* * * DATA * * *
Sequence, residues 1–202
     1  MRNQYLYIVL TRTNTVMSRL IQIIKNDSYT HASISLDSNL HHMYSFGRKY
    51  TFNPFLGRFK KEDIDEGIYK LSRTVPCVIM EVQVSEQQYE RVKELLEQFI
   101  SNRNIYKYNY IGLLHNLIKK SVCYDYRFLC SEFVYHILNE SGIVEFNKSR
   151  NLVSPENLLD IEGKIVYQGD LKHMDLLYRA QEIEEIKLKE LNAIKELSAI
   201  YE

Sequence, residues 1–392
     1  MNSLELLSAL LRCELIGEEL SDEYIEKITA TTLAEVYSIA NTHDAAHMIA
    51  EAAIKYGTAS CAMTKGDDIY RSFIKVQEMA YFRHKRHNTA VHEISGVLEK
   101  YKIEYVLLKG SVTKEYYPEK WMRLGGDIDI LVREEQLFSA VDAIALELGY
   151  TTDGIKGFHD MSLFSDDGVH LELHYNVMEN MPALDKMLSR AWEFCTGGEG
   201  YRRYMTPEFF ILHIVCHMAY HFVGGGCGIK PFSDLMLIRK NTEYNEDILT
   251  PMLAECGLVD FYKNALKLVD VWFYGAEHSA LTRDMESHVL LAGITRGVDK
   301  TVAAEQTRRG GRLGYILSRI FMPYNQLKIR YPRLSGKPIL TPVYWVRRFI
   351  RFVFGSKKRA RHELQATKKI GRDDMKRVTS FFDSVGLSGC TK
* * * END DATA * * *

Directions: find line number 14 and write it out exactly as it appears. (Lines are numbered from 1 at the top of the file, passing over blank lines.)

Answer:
   301  TVAAEQTRRG GRLGYILSRI FMPYNQLKIR YPRLSGKPIL TPVYWVRRFI